The other part is about the world of stories. Although I am not able to truly know or understand what life must be like for them, what I can do is to try to imagine, and from there, to find a way to empathize, to find a patch of common ground between me and them where we could stand together, no matter how small that patch may be. I think in the series, as a whole, there is enough of a sense of longing but also at the same time glimpses of friendships and connections. That was the small patch. My favourite images are the snapshots with friends.
Bleek Magazine: Where is and what is Shauna now?
Sean Lee: Shauna will always remain a memorable part of my life.
Bleek Magazine: Another important project of yours is “Two People” where you take very intimate close-up photos of your parents. It might seem different from “Shauna” but to me in fact they seem to share the same underlying goal – to examine closely another living being in order to get a deeper understanding of yourself. You observe others so intensely, at such a small (uncomfortable?) distance that they almost disappear in the course of this neutral (sterile) act of staring. Have you ever compared these projects and in which way do you see their similarity and differences?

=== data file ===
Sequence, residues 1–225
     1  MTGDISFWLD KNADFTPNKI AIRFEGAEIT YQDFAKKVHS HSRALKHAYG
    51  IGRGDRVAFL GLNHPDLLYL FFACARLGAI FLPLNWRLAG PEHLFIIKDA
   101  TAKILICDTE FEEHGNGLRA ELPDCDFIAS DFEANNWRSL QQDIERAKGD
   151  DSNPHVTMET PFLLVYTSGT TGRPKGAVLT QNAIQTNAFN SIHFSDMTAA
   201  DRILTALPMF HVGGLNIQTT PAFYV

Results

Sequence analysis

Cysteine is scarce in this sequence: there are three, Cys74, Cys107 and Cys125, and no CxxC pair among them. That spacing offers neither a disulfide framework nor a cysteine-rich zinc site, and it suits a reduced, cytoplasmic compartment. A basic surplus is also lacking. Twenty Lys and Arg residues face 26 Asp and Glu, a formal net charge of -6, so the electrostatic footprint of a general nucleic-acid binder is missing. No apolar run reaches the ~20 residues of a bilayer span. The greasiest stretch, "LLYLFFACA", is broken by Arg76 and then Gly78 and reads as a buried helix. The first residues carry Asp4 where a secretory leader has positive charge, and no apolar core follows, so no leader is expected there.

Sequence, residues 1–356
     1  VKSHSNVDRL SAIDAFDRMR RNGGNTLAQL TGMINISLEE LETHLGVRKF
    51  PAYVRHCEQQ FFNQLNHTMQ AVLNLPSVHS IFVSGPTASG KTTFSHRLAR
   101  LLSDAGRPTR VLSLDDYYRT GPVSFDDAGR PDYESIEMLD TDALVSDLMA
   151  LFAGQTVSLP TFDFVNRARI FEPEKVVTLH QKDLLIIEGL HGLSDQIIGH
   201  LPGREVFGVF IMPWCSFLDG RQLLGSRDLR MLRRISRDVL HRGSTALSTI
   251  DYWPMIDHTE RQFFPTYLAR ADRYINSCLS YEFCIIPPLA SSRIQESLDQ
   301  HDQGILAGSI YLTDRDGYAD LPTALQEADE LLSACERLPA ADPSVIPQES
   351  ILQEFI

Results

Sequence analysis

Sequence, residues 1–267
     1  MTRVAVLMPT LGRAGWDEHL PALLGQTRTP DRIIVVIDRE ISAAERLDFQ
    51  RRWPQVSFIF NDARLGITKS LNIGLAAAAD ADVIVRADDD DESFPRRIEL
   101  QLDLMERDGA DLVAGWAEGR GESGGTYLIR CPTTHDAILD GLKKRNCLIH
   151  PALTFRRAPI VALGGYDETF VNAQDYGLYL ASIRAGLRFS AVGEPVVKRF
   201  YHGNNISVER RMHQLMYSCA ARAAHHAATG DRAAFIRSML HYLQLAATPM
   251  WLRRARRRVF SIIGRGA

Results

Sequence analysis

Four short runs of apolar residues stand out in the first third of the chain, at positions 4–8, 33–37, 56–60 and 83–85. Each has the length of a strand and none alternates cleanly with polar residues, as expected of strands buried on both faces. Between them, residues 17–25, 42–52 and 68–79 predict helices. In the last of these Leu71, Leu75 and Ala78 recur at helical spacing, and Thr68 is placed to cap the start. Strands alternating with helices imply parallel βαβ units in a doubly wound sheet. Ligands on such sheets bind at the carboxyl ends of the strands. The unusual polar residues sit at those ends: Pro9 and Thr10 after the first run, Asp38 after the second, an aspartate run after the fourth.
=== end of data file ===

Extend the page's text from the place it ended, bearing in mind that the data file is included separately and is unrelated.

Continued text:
Sean Lee: I began making the work with my family because my time as Shauna was not easy for them and yet they allowed me my space to explore my work. Now “Two People” has become my life’s work. I do not try to compare them. In “Two People” I photograph only my parents and only within my home. In this small space, I want to try to create a universe where there are only two people – One man and one woman.